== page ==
Generally, it is best to avoid the use of synthetic oil in both brand new and older, high mileage engines. New engines require a proper break-in, and the synthetics are so slippery that they can hinder this. Most manufacturers recommend that you wait at least 5000 miles (8000 km) before switching to a synthetic oil. Conversely, older engines are looser and tend to use more oil. Synthetics will slip past worn parts more readily than regular oil. If your car ready leaks oil (due to worn parts and bad seals or gaskets), it will leak more with a slippery synthetic inside.

Consider your type of driving. If most of your accumulated mileage is on the highway at higher, steadier speeds, a synthetic oil will reduce friction and probably help deliver fuel mileage. Under such ideal highway conditions, the oil change interval can be extended, as long as the oil filter will operate effectively for the extended life of the oil. If the filter can't do its job for this extended period, dirt and sludge will build up in your engine's crankcase, sump, oil pump and lines, no matter what type of oil is used. If using synthetic oil in this manner, you should continue to change the oil filter at the recommended intervals.

Cars used under harder, stop-and-go, short hop circumstances should always be serviced more frequently, and for these vehicles, synthetic oil may not be a wise investment. Because of the necessary shorter change interval needed for this type of driving, you cannot take advantage of the long recommended change interval of most synthetic oils.

FUEL



Without Flexible Fuel

A prime requirement for gasoline is the use of unleaded fuel only. All the vehicles covered in this guide require the use of unleaded fuel exclusively, to protect the catalytic converter. Failure to follow this recommendation will result in failure of the catalyst and consequent failure to pass the emission test many states now require. The use of unleaded fuel also prolongs the life of spark plugs, the engine as a whole, and the exhaust system.

Fuels of the same octane rating have varying anti-knock qualities. Thus, if your engine knocks or pings, try switching brands of gasoline before trying a more expensive higher octane fuel. Fuel should be selected for the brand and octane which performs without pinging.

Your engine's fuel requirements can change with time, due to carbon buildup which changes the compression ratio.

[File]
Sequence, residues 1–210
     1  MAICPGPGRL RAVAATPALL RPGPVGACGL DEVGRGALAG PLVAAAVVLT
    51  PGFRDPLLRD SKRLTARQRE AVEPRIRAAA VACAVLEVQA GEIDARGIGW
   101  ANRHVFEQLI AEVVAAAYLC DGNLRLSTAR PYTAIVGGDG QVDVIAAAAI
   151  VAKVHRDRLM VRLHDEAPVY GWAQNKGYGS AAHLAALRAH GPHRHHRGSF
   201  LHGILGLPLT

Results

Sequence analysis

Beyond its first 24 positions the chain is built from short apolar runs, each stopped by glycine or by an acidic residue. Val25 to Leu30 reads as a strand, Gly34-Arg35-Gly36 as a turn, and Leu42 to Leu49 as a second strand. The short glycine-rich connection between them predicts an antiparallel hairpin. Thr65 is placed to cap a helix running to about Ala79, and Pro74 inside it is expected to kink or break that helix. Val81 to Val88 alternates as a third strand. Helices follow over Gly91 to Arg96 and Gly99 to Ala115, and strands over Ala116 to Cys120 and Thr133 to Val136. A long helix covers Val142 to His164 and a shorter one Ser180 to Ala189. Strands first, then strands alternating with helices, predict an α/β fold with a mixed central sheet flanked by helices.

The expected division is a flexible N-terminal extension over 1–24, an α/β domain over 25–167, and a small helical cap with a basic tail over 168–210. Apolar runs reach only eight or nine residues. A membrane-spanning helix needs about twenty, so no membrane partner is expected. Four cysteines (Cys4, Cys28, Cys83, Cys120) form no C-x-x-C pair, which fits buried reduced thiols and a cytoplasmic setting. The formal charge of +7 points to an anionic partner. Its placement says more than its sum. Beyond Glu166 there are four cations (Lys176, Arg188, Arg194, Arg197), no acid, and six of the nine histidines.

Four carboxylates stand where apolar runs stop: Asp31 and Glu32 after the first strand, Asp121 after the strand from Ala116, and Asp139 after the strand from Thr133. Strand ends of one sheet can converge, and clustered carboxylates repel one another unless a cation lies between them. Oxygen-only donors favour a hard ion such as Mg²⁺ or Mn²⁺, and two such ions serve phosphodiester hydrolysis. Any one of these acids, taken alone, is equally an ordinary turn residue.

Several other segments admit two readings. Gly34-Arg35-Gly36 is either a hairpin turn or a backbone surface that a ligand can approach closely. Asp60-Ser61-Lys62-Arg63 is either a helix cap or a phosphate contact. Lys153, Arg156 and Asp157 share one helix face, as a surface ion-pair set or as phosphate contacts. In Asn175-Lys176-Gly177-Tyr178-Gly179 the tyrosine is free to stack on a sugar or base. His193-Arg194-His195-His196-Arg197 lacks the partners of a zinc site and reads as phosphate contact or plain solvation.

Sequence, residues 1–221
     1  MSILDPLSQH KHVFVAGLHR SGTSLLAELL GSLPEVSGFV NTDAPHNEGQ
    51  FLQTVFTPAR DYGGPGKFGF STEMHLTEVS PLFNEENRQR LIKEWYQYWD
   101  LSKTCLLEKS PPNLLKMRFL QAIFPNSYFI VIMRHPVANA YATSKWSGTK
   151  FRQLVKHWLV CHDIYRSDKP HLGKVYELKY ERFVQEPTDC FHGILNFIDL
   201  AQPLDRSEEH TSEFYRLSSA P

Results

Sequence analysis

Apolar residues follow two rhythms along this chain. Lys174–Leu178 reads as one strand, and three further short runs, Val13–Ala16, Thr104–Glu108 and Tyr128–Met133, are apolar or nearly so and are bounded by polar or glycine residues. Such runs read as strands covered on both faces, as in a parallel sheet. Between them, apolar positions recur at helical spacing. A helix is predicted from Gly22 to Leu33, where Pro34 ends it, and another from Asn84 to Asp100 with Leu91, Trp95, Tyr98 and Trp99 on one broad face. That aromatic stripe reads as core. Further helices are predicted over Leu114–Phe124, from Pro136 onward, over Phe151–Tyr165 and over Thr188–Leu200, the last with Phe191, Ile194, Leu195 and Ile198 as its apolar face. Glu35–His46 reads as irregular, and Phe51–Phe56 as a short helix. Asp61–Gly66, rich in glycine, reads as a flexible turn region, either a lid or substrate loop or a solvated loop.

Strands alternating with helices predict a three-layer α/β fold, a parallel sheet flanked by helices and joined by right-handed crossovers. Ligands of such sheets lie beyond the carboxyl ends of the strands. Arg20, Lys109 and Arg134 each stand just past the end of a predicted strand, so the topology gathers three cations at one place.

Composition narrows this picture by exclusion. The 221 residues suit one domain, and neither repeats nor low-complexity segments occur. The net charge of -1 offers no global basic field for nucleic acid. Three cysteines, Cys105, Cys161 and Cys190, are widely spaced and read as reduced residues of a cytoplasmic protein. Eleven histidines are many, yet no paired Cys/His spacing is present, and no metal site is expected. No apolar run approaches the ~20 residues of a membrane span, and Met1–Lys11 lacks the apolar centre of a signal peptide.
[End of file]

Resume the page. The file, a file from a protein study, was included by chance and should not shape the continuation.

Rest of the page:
Basic engine octane requirements, to be used in your initial choice of fuel, are 87 octane, unleaded. This rating is an average of Research and Motor methods of determination: (R+M)/2. For increased vehicle performance and gas mileage use a premium unleaded fuel, that is, one with a rating of 91 octane. More octane results in better performance and economy in these engines because the ignition system will compensate for their characteristics by advancing the timing.

Gasohol consisting of 10% ethanol and gasoline may be used in your car, but gasolines containing methanol (wood alcohol) are not approved. They can damage fuel system parts and cause operating problems.

Flexible Fuel


Breathing methanol vapors can seriously effect your nervous system. You could experience headaches, dizziness, and even unconsciousness. Avoid breathing these vapors.
 
Swallowing methanol can cause death, blindness, or other serious injury. Symptoms of indigestion, such as nausea, diarrhea are not always immediate and can be delayed.
 
Contact with your eyes could result in blindness or blurred vision along with damage to the eye tissue.
 
Prolonged skin contact could result in dry skin, an allergic reaction, or absorption through the skin.
 
Anyone taking medication for alcoholism treatment might have the same reaction as if alcohol had been consumed if their skin contacts methanol, or if there has been any inhalation of the methanol.
 

Your vehicle will operate on both regular unleaded gasoiline with an octane rating of 87, and M-85 fuel, or any mixture of these two. M-85 is a mixture of approximately 85%methanol and 15% unleaded gasoline. This fuel helps reduce the smog causing conditions of emissions, and reduces dependance on foreign oil.